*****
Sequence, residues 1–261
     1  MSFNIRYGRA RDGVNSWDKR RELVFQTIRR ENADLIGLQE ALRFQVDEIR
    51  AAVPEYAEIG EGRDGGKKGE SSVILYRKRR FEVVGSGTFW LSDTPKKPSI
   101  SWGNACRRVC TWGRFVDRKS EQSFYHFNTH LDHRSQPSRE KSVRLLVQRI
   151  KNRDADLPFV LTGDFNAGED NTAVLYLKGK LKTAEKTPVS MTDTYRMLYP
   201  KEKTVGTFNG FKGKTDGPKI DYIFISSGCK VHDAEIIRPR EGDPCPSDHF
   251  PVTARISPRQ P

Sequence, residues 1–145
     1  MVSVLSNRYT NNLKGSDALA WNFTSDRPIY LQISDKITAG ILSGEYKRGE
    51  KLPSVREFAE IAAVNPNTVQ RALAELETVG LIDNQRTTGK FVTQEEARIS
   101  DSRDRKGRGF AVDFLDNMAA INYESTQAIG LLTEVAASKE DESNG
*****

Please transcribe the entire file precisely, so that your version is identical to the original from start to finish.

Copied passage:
Sequence, residues 1–261
     1  MSFNIRYGRA RDGVNSWDKR RELVFQTIRR ENADLIGLQE ALRFQVDEIR
    51  AAVPEYAEIG EGRDGGKKGE SSVILYRKRR FEVVGSGTFW LSDTPKKPSI
   101  SWGNACRRVC TWGRFVDRKS EQSFYHFNTH LDHRSQPSRE KSVRLLVQRI
   151  KNRDADLPFV LTGDFNAGED NTAVLYLKGK LKTAEKTPVS MTDTYRMLYP
   201  KEKTVGTFNG FKGKTDGPKI DYIFISSGCK VHDAEIIRPR EGDPCPSDHF
   251  PVTARISPRQ P

Sequence, residues 1–145
     1  MVSVLSNRYT NNLKGSDALA WNFTSDRPIY LQISDKITAG ILSGEYKRGE
    51  KLPSVREFAE IAAVNPNTVQ RALAELETVG LIDNQRTTGK FVTQEEARIS
   101  DSRDRKGRGF AVDFLDNMAA INYESTQAIG LLTEVAASKE DESNG